Book claims to date back origins of AIDS to World War I

WION Web Team
Ottawa, Canada Updated: Feb 09, 2021, 07:26 PM IST


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In the book, author and Canadian microbiologist Jacques Pepin appeared to have traced the beginning of the AIDS epidemic to a starving World War I soldier, who captured and ate infected animals, according to different media reports

If a new book is to be believed, Acquired Immuno Deficiency Syndrome (AIDS) seems to have begun during World War I.  

In the book, author and Canadian microbiologist Jacques Pepin appeared to have traced the beginning of the AIDS epidemic to a starving World War I soldier, who captured and ate infected animals, according to different media reports. 

The disease, which is caused by the human immunodeficiency virus infection (HIV), was officially designated an epidemic on June 5, 1981. Be it as an illness or a source of discrimination, the disease has greatly affected humanity.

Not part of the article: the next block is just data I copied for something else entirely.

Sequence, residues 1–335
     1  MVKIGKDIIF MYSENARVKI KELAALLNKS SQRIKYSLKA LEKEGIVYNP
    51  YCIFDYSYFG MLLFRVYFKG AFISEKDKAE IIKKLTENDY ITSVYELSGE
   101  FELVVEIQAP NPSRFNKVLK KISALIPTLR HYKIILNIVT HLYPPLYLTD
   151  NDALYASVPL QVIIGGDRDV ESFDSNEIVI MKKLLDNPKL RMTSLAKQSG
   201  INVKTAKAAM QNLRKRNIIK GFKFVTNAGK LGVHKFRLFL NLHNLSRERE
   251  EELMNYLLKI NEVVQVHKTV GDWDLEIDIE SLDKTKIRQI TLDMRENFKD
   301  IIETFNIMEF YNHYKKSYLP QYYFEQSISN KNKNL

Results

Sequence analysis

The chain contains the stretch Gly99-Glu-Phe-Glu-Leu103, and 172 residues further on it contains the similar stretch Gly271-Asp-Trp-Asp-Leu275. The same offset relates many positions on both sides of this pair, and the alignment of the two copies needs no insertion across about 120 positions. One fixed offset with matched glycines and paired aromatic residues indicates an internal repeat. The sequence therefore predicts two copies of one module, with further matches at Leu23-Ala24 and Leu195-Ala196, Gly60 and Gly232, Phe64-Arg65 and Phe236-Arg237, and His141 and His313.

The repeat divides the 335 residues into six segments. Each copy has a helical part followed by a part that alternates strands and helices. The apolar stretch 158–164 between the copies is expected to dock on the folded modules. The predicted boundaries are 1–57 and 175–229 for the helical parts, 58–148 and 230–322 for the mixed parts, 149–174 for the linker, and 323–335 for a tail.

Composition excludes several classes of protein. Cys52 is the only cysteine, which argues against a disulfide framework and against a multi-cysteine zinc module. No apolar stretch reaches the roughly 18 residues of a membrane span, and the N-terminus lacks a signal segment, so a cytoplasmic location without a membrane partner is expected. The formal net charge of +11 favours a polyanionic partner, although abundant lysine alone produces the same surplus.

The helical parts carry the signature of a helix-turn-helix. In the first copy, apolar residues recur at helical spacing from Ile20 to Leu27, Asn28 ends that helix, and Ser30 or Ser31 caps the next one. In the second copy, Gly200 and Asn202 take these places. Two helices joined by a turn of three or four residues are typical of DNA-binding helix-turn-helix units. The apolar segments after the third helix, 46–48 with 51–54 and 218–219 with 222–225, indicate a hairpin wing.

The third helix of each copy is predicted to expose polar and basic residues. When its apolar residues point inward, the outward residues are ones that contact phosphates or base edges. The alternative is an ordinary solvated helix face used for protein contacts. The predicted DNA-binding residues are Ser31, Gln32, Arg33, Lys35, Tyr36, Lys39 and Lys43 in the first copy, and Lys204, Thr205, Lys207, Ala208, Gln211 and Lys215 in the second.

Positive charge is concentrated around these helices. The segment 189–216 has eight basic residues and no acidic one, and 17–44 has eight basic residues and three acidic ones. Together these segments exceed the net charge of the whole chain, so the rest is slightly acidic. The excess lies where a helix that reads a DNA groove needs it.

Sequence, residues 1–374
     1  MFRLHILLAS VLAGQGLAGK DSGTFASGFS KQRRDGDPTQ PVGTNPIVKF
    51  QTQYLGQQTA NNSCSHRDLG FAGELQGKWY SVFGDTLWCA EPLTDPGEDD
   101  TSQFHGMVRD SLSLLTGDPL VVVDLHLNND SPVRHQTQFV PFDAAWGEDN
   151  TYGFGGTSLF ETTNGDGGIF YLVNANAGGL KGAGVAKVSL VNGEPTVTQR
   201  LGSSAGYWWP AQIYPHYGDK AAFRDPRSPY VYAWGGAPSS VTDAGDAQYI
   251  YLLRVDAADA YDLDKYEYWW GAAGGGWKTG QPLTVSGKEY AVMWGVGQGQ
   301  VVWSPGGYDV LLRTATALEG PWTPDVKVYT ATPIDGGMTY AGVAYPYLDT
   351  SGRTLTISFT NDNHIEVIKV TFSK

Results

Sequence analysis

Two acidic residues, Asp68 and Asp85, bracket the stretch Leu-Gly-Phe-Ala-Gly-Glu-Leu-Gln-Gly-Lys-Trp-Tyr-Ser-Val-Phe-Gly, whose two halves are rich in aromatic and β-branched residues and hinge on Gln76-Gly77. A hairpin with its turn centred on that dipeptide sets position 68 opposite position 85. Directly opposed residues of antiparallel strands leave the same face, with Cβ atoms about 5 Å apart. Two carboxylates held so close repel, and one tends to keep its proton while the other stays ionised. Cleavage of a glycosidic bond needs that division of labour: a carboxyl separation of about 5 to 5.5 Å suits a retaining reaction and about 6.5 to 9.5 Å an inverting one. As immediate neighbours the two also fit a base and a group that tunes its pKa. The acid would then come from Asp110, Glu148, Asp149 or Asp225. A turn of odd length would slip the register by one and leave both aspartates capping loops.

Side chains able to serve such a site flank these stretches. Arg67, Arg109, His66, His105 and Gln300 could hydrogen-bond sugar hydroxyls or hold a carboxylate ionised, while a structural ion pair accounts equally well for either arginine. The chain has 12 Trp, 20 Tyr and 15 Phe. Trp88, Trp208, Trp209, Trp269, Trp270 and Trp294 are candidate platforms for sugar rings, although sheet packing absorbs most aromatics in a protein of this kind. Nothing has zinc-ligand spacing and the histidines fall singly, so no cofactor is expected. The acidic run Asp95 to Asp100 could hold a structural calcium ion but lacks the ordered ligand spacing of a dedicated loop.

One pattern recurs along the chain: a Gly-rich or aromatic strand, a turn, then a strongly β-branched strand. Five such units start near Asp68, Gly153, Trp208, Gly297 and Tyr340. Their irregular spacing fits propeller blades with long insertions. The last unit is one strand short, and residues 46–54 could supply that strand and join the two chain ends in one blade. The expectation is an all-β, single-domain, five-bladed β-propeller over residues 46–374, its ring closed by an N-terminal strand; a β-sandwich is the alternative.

Titled 'Origins of AIDS', the book says patient zero was one of 1,600 Belgian and French soldiers, who traveled to Cameroon from Leopoldville in the Belgian Congo. The soldier had got injured after killing a chimpanzee infected with something similar to the precursor to HIV - the virus that causes AIDS. 

The book looks to correct a previous version of HIV origin, introduced in the first edition of the tome released in 2011.  

In the earlier edition, Pepin claimed HIV was transmitted from monkeys to humans after an injured African hunter killed a beast in 1921 and was infected in the process. 

Now, the microbiologist looks to suggest it was actually a starving WWI soldier, who captured and ate an infected chimpanzee after his regiment got stuck in a forest around Moloundou, Cameroon, without any food supplies. 

Since the declaration of the epidemic in 1981, the disease has infected about 76 million people globally and has killed an estimated 33 million. 

The illness is caused by the HIV virus, which jumped from primates to humans in the early-to-mid 20th century in Africa. The disease is transmitted by blood transfusions, shared needles, sexual contact, and in the uterus from mother to child.